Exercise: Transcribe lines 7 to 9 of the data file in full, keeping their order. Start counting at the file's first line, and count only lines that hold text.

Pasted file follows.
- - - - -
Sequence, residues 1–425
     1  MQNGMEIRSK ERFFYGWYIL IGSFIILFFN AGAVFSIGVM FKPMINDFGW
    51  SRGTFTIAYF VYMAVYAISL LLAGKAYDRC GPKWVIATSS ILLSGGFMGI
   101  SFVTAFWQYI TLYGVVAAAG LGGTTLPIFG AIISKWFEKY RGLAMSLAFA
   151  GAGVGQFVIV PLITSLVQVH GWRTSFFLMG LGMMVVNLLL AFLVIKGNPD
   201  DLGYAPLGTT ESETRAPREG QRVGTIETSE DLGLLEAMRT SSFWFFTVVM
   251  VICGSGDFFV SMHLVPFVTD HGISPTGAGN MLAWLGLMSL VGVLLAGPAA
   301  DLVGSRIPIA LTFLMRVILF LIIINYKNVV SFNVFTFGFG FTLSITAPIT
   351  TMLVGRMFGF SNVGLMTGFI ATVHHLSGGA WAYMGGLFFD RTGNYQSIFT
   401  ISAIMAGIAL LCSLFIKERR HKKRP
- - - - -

   251  VICGSGDFFV SMHLVPFVTD HGISPTGAGN MLAWLGLMSL VGVLLAGPAA
   301  DLVGSRIPIA LTFLMRVILF LIIINYKNVV SFNVFTFGFG FTLSITAPIT
   351  TMLVGRMFGF SNVGLMTGFI ATVHHLSGGA WAYMGGLFFD RTGNYQSIFT